Photosynthesis is classified as an endergonic process. This means that it uses energy to obtain energy, and by doing so, organic compounds are anaerobically produced. In order to carry out photosynthesis, plants must first obtain sunlight, water, carbon dioxide and chlorophyll through an endergonic process.
"Endergonic" entails the absorbtion of energy through work. Because plants take in solar energy, water, carbon dioxide and chlorophyll to begin the energy process, photosynthesis is considered endergonic. In photosynthesis, energy-carrying molecular bonds are formed. These bonds obtain energy from the sun and transfer it throughout the plant.
An exergonic process works to release energy. When it does so, its surroundings receive that energy. An example of this is a ball rolling down a hill; the ball will continue rolling according to the Second Law of Thermodynamics (energy will increase itself overtime), yielding useful energy that will proceed if left to itself.
Energy itself is the capacity to do work. The main component of photosynthesis is sunlight, which is carried through the plant by electrons. As these electrons are powered by chemical energy, they reposition themselves to form CO2. To counteract entropy (energy that is not available for work) during photosynthesis, this energy from sunlight is necessary.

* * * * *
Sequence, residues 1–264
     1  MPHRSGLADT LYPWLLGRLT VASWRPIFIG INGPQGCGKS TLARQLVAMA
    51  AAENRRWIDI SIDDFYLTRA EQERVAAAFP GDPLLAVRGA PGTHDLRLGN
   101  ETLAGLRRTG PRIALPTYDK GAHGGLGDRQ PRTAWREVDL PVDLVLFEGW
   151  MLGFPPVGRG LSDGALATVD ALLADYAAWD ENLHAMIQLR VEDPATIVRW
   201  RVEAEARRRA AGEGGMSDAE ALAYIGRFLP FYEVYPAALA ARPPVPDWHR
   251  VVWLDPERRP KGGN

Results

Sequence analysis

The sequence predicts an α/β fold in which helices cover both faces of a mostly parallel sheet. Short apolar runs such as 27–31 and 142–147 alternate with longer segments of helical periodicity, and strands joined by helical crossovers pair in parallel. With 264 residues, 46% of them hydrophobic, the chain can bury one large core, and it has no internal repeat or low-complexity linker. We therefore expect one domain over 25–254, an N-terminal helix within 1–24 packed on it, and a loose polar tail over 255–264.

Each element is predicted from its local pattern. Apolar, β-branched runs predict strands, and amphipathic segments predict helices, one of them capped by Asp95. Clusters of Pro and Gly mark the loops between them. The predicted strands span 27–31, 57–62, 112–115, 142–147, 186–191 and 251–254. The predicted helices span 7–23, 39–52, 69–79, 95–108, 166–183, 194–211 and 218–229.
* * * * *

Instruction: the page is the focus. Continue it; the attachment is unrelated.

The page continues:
Energy Sources of Photosynthesis
To adequately carry out photosynthesis, sunlight is not the only necessary energy input. Water, carbon dioxide and chlorophyll are also important properties throughout the process. By using all four of these natural energizers, food--in the form of sugars and oxygen--is produced.
Energy Carrier Molecules
The two most common electron carriers (the intermediaries which transform energy through photosynthesis into carbon dioxide) are nicotinamide adenine dinucleotide (NAD+) and flavin adenine dinucleotide (FAD). They are vital to the endergonic process in that they are the "messengers" carrying absorbed sources of energy throughout the plant.